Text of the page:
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A Closer Look at Kansas

Business Insider has a detailed analysis of Kansas’s Grand Conservative Experiment of reducing the size of their government by cutting taxes and cutting government. They did something interesting in that they analyzed the results based on the results predicted by Governor Sam Brownback’s administration:

Nick Jordan, the state’s revenue secretary, said the administration ultimately imagines the creation of 22,000 more jobs over ‘normal growth’ and 35,000 more people moving into the state over the next five years. And he expects the tax changes to expand disposable income by $2 billion over the same period.

Those are fairly precise predictions, so let’s look at the results:

  1. Promise: 22,000 more jobs over “normal growth”. Reality: 25,000 fewer jobs compared to “normal growth” — a difference of 47,000 jobs. The number of jobs actually declined.
  2. Promise: 35,000 more people moving into the state. Reality: 50,000 fewer people moving into the state — a difference of 85,000.
  3. Promise: $2 billion increase in disposable income. Reality: disposable income decreased by $18 billion — a difference of $20 billion.

That’s right, in every case the promised increases not only did not appear, but they turned into decreases.

Even worse, if you measure the results in the four neighboring states, none of which enacted tax or services cuts, the four states did much better than Kansas. In fact, even in areas where before the cuts Kansas was doing better than their neighbors, after the tax cuts Kansas did worse.

How much more proof do you need that trickle-down economics is a complete failure?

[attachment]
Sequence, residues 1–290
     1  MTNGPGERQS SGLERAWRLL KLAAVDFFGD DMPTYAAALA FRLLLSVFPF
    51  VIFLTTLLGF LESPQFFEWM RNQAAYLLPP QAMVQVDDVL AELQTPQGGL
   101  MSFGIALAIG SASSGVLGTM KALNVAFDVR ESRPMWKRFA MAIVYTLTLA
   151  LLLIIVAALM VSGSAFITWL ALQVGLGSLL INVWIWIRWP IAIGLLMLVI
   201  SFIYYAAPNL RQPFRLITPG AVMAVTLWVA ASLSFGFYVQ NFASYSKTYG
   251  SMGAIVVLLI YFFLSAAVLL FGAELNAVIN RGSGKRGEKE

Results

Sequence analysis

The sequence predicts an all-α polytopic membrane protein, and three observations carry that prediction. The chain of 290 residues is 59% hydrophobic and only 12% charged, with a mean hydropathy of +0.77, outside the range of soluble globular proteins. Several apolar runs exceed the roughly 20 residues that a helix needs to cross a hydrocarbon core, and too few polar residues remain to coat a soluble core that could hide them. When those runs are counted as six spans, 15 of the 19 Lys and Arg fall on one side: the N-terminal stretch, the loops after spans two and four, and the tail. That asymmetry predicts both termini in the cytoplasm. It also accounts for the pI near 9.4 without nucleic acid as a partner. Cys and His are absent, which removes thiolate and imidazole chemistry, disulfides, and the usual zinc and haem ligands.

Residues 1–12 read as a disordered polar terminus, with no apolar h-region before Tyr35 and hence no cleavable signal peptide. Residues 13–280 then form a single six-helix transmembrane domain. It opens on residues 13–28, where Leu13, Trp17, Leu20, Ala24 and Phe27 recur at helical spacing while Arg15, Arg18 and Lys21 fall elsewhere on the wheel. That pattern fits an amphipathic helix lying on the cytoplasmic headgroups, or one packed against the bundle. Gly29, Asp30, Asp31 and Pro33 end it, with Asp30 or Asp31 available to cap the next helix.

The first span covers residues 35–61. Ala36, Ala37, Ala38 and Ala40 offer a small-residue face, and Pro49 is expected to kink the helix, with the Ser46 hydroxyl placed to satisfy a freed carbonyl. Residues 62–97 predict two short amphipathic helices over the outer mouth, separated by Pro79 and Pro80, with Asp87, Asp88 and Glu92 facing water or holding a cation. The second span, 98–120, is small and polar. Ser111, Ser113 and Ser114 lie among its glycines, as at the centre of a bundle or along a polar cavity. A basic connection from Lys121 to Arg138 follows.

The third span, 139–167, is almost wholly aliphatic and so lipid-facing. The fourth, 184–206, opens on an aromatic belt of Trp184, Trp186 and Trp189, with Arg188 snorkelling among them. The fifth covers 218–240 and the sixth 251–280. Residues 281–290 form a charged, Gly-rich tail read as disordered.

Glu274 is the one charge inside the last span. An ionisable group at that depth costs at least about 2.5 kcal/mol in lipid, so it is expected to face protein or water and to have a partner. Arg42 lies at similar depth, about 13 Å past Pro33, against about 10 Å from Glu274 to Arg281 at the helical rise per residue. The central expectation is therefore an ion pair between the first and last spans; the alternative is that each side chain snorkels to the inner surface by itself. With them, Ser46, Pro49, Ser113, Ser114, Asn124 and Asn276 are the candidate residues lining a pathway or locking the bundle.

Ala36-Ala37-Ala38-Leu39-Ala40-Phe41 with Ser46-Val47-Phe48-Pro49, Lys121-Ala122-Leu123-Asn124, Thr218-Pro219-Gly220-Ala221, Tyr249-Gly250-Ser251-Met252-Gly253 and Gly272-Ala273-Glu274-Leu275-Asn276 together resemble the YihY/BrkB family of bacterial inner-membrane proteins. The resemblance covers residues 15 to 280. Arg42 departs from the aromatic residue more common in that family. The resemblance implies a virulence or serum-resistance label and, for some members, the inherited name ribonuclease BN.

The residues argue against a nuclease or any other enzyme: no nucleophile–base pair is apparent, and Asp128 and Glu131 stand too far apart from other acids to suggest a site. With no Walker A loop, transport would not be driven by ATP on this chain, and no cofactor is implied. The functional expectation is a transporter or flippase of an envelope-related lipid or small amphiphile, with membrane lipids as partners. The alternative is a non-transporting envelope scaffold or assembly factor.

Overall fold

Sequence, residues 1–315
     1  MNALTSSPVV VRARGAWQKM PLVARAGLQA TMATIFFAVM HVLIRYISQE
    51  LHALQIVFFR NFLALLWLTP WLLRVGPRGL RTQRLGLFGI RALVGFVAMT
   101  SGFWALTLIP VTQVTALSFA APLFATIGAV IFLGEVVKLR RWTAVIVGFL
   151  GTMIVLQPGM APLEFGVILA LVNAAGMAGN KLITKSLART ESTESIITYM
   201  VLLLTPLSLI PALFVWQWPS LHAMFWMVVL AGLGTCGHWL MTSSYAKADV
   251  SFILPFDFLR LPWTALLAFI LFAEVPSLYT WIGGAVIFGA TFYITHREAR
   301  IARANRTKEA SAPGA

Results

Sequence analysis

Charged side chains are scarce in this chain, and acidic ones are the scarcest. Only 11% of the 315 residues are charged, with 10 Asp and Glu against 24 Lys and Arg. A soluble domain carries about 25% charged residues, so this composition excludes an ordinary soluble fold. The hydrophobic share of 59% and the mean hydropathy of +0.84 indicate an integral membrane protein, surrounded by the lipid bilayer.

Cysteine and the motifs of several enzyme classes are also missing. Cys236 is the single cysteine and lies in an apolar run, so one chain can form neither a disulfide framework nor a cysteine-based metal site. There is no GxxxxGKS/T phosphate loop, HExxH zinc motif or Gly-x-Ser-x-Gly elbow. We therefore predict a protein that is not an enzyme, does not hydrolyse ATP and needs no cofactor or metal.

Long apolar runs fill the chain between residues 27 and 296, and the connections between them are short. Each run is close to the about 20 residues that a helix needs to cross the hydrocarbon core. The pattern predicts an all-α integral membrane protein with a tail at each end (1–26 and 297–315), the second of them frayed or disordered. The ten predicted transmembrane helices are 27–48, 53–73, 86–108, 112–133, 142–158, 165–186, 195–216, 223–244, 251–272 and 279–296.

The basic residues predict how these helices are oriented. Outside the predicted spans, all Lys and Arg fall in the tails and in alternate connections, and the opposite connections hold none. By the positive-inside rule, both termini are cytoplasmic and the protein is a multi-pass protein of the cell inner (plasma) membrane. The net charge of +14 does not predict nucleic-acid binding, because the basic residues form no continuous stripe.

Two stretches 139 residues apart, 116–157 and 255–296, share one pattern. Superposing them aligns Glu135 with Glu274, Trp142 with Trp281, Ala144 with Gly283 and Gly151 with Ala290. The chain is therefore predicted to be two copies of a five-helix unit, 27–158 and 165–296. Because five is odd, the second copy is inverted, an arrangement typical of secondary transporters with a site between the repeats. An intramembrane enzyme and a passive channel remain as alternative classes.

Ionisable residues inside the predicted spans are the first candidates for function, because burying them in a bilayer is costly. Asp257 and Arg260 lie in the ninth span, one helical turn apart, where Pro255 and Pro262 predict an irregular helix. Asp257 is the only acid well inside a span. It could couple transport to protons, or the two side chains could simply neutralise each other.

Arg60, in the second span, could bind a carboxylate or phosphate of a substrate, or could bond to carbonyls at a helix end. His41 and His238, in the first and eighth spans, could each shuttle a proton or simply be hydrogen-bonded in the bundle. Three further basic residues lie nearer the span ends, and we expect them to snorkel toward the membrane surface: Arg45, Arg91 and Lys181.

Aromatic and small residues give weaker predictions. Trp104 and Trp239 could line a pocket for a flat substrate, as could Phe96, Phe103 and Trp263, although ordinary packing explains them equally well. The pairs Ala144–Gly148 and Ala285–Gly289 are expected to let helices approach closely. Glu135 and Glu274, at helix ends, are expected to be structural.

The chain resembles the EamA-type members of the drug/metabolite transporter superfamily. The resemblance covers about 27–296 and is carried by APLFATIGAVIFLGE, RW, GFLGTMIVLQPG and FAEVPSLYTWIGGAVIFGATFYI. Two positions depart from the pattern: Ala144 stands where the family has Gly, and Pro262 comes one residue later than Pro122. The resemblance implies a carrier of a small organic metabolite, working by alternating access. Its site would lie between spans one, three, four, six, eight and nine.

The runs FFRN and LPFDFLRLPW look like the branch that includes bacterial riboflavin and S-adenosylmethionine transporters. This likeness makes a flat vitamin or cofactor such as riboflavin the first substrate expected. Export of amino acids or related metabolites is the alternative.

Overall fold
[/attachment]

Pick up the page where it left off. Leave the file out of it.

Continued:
Apparently much more, because even now, Donald Trump and the Republicans are working hard to enact a tax agenda that is frighteningly similar to what was done in Kansas:

President Trump’s tax plan, for instance, includes trillions of dollars in tax cuts that would flow overwhelmingly to millionaires and wealthy corporations.

It even includes a very similar proposal to Brownback’s policy of giving a special low tax rate for so-called “pass-through” income.

Those who fail to learn from the past are doomed to repeat it. I applaud the Kansas legislature, who despite being solidly Republican voted to repeal Brownback’s tax cuts and even overrode his veto. Let’s hope that the Republicans in Congress can also wake up.

UPDATE: Considering that Sam Brownback is one of the least popular governors in the US (even Republicans are turning against him), he needs to start looking for a new job. And Donald Trump is having a very hard time finding anyone willing to work for him. So it is not a surprise to anyone that Brownback is being vetted for a position in the Trump administration. Brownback must be very desperate.


Also published on Medium.

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